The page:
that the three "militants" were in fact civilians who had been lured into an
army camp with promises of jobs as ammunition porters. They were then shot in
cold blood for a cash reward.
Once news of this emerged, there was a spontaneous mass reaction and the Indian
security apparatus responded with a heavy hand, with each bloody encounter with
protesters leading to another cycle of deadly protests.
The campaign is mainly in the hands of youths who were children in the 1990s
and saw the mass victimization of Kashmirs by the Indian security forces at the
height of the unrest.
These youths are not only resisting Indian rule, they are also disenchanted
with Pakistan, which they believe sold out their interests in the name of the
"war on terror". This is the first time that processions don't have Pakistani
flags, and people don't shout "Long live Pakistan" slogans.
The situation in Kashmir remains grim, with most of the valley under a strict
curfew. Indian Prime Minister Manmohan Singh this month said at the start of an
APHC meeting, "The only path for lasting peace and prosperity in Jammu and
Kashmir is that of dialogue and discussion. Those who have grievances against
the government have to talk to the administration," he said. "But it is also
true that meaningful dialogue can happen only in an atmosphere free from
violence and confrontation."
The problem for New Delhi is that no separatist leader is ready to enter into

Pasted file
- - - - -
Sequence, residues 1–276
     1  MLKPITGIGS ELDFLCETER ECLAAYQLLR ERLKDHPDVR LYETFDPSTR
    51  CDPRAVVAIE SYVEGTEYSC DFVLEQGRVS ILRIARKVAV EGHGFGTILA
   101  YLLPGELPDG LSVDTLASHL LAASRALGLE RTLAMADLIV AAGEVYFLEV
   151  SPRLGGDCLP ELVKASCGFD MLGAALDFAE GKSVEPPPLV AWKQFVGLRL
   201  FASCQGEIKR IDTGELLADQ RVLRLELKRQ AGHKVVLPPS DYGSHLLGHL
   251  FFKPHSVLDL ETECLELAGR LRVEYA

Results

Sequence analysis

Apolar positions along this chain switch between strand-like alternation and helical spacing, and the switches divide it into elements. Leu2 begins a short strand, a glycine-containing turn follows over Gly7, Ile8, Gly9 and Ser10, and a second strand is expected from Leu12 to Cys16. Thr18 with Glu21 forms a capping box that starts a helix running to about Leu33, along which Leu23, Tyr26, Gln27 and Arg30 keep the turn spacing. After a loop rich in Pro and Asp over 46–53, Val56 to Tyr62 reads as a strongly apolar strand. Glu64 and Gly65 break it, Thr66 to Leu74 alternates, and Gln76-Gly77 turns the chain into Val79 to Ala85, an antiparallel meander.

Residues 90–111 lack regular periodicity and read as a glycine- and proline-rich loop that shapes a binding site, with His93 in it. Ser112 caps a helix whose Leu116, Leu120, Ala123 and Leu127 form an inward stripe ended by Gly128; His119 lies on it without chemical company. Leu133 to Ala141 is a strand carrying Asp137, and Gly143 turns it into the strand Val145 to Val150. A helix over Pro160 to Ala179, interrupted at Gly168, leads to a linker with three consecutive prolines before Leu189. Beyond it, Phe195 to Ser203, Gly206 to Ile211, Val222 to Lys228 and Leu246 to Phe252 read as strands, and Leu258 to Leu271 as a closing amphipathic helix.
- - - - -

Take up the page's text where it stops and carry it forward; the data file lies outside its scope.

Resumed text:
dialogue with India, including Mirwaiz Umar Farooq, who is considered close to
New Delhi and who has a reputation of being a moderate face of the Kashmiri
struggle in trying to abandon the Islamist leadership led by Gillani.
A part of the reason is that the "Quit Jammu and Kashmir" campaign is in the
hands of youths who have taken the extreme position of "Kill us or leave
Kashmir". Gillani, a former chief of the Jamaat-e-Islami Kashmir, has emerged
as a natural leader of this extreme position.
Gillani has presented Delhi with five conditions to defuse the protests. These
include accepting Kashmir as an international dispute - Delhi as all along
maintained it is a domestic issue - the release of all political prisoners,
demilitarization of the area and that action be taken against the forces
involved in civilian killings since June.
Delhi is unlikely to agree to any or all of these conditions. Pakistan,
meanwhile, is in no position to revive the Kashmiri armed struggle, given its
preoccupation with militancy in its tribal areas and heavy US pressure to
remain focused on that area.
However, al-Qaeda does not aim to miss an opportunity. According to militant
sources, al-Qaeda will step up strikes in Indian cities in the coming weeks to
spur the anti-India movement in Kashmir, which will eventually be taken into
al-Qaeda's broader regional theater.
Syed Saleem Shahzad is Asia Times Online's Pakistan Bureau Chief. He can
be reached at email@example.com
Sheikh Amin contributed in this article. Amin recently authored the book
An Advocacy for Kashmir's Cause (Urdu).